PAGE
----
Therefore, it is essential that students land a job as soon as they graduate and start paying back. However, not all students find employment during on-campus internships.
Rohit did not. “After I finished school, I couldn’t get a job through an on-campus internship,” he said. “I started applying for jobs on my own,” he said. He received offers from three tech majors and chose one on the belief that he “will have the long-term opportunity to work in the IT field”, something he had always wanted. “But that didn’t happen. I don’t like the job, but I have to because I have to repay the loan,” Rohit said.
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Mishra, likewise, has limited options. The medical student is the younger of two siblings and will complete his internship next year. He intends to write the NEET PG next year and all his plans depend on passing this extremely difficult exam and winning a scholarship.
“If I clear NEET PG and get the junior scholarship, I will clear the loan EMI from the junior scholarship stipend,” he said, “I also have to prepare myself mentally [and explore] where all i can apply for a job or work alone to repay the loan if i fail to break NEET-PG.
Landing a job, while helpful, doesn’t always mean repayment will be easy. In many cases, the EMI can be higher than the monthly salary. “The income is generated but this income is not enough to repay the loan. There is nothing left for the child,” said another official working with the Punjab National Bank, asking not to be named.
Defaulters and Settlements
Among the large number of NPAs, there are also deliberate defaulters, bank officials said.
“They have the resources to pay but know that if they don’t pay for a certain period, the bank will opt for a one-time settlement or OTS,” an official said. “We make ad-hoc settlements very frequently. Each bank has their policy, it depends on how they proceed for a unique settlement depending on the financial situation of the student who took out the loan and their parents.
Moreover, experts say education loans are not reaching all the poor and deserving – the intended target of the subsidy program.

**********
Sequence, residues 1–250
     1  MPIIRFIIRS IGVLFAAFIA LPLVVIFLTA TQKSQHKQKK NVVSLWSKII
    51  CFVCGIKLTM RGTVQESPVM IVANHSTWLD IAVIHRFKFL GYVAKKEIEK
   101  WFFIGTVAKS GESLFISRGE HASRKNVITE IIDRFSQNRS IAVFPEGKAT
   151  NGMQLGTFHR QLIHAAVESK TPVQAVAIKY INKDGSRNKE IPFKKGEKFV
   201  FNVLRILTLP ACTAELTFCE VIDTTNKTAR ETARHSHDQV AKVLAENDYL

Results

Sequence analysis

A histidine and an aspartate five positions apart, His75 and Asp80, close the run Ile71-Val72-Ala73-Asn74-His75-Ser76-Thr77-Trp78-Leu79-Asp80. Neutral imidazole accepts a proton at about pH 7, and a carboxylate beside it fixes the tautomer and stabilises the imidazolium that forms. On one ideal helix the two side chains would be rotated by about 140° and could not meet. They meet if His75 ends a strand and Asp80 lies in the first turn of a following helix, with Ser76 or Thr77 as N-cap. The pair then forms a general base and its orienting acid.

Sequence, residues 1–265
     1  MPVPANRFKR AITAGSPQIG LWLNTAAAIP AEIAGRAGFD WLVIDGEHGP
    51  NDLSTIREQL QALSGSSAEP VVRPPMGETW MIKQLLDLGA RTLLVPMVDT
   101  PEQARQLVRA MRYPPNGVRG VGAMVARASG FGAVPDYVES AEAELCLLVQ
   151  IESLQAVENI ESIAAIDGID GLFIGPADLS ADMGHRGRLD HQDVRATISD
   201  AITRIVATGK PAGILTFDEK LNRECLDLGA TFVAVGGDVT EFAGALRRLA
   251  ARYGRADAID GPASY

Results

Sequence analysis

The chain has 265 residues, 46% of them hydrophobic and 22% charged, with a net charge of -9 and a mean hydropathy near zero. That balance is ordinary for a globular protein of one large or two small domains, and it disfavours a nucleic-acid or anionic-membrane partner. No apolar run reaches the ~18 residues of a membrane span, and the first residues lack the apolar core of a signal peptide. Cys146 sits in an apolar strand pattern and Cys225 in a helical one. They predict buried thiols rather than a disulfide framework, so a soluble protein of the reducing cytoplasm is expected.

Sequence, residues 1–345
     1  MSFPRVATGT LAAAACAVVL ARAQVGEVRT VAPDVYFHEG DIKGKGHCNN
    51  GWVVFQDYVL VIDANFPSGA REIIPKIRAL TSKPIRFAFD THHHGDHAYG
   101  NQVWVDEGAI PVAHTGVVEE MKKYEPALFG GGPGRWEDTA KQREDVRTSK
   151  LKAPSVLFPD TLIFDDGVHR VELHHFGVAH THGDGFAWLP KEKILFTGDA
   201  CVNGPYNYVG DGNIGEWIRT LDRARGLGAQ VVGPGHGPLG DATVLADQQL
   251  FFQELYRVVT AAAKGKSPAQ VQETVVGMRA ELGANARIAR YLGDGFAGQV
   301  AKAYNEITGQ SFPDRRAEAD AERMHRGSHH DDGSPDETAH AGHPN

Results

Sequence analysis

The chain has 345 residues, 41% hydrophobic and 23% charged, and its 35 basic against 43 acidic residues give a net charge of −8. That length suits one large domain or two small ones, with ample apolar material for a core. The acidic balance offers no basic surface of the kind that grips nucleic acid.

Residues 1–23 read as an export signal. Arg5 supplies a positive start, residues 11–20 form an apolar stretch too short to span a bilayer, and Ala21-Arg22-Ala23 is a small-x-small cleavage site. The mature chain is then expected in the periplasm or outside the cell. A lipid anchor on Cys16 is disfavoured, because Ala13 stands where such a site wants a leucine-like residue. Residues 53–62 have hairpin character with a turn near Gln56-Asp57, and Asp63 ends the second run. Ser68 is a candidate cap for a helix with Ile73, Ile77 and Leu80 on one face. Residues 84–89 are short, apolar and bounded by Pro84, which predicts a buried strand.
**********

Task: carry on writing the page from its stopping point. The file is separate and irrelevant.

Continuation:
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“We fully support more education loans being given to students as we are still falling short on education. Banks should give loans on soft terms, the interest rate should be reduced and finally, the repayment should be linked to employment,” said CH Venkatachalam, Secretary General of All India Bank Employees Association.
Venkatachalam also spoke out against some banks that harass parents. “If they can’t find a job, how do they reimburse? So here we are facing problems. Banks harass them and parents are harassed. Banks sell these student loans to private entities. Taking a loan from a government bank and the government can handle that is one thing or the government can give a grant until they find a job. Banks sell education loans to private entities, which is not acceptable. »
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Again, when a student takes out a loan but is unable to complete their program, the bank will still demand repayment of the loan amount. “We have practically faced this problem,” a senior PNB official said. “The student took a loan amounting to lakhs. The child died but the parents have to repay the loan. I was in tears when I met a couple who had lost their child. They were very poor and they were here asking me how they could repay the loan. It’s pathetic, but it’s public money that needs to be repaid.